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Newsbites: April 1st

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Two (somewhat) related studies were released this week highlighting how many food ads our kids really see on television, and how television watching plays a big role in the quality of the family meal.

The Kaiser Family Foundation is once again exposing food marketing aimed at our children in their new report "Food for Thought: Television Food Advertising to Children in the United States" (you may recall back in August I wrote a post on their study First Analysis of Online Food Advertising Targeting Children, detailing the amount of food marketing our kids see online on a regular basis). Of all the television ads kids see, 22-32% of them are for food, the most for any other products. However, on programming specifically meant for kids 12 and under, half of all ads are for food products.

Tweens, the 8-12 year olds, are seeing the most at 21 a day, translating to more than 7600 a year. Teens see about 6000 a year and the little ones about 4400 (the younger kids may watch less TV and the popular networks like Disney and PBS have limited or no advertising). Out of almost 9000 food ads reviewed in the study, 34% were for snacks and candy, 28% for cereal, and 10% for fast foods (this low percentage actually surprised me). In contrast 4% were for dairy products and 1% for fruit juices. Zero percent promoted fruits and vegetables. You can read the full report and also view a webcast of the press conference at http://www.kff.org/entmedia/entmedia032807pkg.cfm.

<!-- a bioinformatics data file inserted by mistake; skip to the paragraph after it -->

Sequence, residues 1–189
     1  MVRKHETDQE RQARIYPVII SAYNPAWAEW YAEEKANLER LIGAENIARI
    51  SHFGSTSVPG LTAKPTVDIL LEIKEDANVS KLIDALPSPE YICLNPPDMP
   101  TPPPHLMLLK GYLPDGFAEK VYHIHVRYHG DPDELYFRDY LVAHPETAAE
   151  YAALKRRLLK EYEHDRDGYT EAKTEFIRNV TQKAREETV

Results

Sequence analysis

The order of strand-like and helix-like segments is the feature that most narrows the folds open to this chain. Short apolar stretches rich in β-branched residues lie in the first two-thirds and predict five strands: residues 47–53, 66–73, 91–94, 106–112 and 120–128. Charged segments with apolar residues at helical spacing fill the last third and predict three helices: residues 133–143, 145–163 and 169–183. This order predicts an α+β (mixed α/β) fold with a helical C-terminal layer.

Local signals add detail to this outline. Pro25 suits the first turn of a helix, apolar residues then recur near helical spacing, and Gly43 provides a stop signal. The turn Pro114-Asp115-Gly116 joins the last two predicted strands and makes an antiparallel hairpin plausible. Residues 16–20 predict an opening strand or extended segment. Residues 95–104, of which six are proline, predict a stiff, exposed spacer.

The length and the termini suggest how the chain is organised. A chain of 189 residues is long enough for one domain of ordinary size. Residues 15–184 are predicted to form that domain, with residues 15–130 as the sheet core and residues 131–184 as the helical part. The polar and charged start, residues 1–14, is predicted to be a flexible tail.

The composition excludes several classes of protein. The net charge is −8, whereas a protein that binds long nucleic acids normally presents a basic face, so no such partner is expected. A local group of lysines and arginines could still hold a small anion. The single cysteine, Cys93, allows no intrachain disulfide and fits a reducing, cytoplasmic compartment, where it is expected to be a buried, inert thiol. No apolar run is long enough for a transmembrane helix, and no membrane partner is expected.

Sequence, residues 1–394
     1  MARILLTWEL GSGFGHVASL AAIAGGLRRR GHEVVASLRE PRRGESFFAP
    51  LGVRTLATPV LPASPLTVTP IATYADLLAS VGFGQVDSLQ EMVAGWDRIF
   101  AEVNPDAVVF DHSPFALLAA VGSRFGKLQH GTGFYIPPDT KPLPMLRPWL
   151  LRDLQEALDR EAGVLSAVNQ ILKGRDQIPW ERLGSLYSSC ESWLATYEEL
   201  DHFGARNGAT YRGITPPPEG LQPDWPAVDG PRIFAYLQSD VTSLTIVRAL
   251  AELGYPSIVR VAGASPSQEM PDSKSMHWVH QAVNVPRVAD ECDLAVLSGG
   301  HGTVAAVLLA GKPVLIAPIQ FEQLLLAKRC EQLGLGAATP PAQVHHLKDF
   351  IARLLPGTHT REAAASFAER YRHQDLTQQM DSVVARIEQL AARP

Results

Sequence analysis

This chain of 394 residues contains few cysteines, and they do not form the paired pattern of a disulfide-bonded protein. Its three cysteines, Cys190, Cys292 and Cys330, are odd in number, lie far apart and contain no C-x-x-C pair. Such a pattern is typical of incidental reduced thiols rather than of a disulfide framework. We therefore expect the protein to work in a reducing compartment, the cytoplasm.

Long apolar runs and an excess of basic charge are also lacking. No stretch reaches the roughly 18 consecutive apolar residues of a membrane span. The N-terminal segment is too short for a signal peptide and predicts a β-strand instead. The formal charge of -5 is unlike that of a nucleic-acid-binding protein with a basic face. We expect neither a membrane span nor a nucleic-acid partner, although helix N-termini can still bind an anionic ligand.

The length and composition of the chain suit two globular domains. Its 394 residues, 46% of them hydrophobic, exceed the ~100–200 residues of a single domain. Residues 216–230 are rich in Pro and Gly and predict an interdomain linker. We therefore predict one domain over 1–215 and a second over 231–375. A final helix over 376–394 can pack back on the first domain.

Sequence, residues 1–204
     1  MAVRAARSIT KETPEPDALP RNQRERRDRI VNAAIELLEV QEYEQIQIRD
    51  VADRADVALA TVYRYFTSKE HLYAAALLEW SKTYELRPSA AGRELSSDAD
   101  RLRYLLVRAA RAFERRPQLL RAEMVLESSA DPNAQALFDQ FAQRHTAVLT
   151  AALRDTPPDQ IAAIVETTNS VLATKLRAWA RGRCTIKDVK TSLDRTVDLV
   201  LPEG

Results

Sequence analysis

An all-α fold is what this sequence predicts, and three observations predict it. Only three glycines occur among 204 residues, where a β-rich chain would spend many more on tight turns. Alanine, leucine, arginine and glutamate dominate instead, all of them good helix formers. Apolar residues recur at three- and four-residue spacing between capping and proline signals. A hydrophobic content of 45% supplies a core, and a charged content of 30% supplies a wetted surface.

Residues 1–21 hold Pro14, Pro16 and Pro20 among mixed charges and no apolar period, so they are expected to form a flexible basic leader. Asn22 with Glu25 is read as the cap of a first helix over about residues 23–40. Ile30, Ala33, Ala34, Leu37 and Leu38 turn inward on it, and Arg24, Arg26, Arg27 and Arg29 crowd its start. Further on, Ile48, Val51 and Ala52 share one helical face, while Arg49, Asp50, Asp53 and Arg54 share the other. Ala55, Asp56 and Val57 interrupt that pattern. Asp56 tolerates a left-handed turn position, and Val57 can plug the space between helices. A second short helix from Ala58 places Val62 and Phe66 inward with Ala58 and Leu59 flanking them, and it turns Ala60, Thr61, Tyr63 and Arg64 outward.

In that same vein of television watching, the American Dietetic Association released a study today showing that when low income families with pre-school children ate family meals together with the television off, they ate more fruits and vegetables. When the TV was turned on during the family meal, fewer fruits and vegetables were consumed. Eeks... So it's not enough just to eat together, you've got to do it with the TV off. This is not a new recommendation but when you think about all the food ads our kids are seeing and you look at this study it kind of all comes together. The abstract of this study isn't available online yet but should be in the next day or so at www.adajournal.org.

These studies also speak to the recommendation for parents to restrict television viewing to 1-2 hours a day. Cuts down on the junk food ad exposure and hopefully it encourages eating together as a family with the TV off!

Have a fruit and veggie filled week with the TV off.....
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About the Author

Registered dietitian Andrea N. Giancoli is a nutrition advocate, consultant and educator.

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